This article appeared in the Winter 2021-22 issue of The Classroom Teacher.
After several years of back and forth between the Texas Education Agency and the U.S. Department of Education regarding special education accommodations, TEA was recently fined $33.3 million for noncompliance with the Individuals with Disabilities Education Act. The federal IDEA law ensures that all students with a disability are provided with a free and appropriate public education, tailored to their individual needs.
Problems surfaced in the 2016-17 school year, when it was reported that Texas did not spend at the appropriate rate (defined by a federal standard) on students with disabilities — a $41.6 million shortfall. A disagreement over an appropriate rate of support for special education needs resulted in a 2018 lawsuit before the U.S. Fifth Circuit Court of Appeals, which ruled in favor of the U.S. Department of Education.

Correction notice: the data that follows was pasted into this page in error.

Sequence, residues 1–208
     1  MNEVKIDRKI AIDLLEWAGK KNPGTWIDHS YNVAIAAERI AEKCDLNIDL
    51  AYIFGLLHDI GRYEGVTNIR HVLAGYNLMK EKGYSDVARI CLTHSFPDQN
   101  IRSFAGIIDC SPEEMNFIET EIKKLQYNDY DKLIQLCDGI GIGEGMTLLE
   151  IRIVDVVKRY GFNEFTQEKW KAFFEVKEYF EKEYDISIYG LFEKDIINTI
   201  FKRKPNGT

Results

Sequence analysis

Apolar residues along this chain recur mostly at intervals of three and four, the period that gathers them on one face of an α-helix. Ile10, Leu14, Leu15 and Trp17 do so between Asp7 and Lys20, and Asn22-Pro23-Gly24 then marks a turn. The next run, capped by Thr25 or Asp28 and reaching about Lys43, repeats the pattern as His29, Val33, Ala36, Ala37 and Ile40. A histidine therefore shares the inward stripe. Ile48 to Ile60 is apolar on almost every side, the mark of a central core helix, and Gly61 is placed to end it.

Afterward, TEA pledged to implement corrective actions to comply with the law. TEA increased its spending on special education funding by nearly $1 billion over a four-year period and increased the number of students with disabilities it served by 54,710 and the number of students evaluated by 56% over a two-year period. As recently as October 2020, TEA claimed it had completed all recommendations issued by the U.S. Office of Special Education Programs.
However, OSEP disagreed and found TEA was again in violation, having completed only one of the corrective actions. Federal officials gave TEA 30 days to make changes and provide evidence of those changes or it would be fined. OSEP imposed special considerations on IDEA grant awards issued to TEA, requiring in part that a Dyslexia Handbook and dyslexia program be implemented, disseminated and monitored.
TEA expressed frustration with the federal government and countered that the agency had made “good faith efforts to address the deficiencies identified,” yet OSEP failed to communicate for long stretches of time and provide technical support and guidance. The issuance of the $33.3 million fine by the U.S. Department of Education took over four years to be realized and is certainly an undesirable last step as the withholding of educational funds has a compounding effect.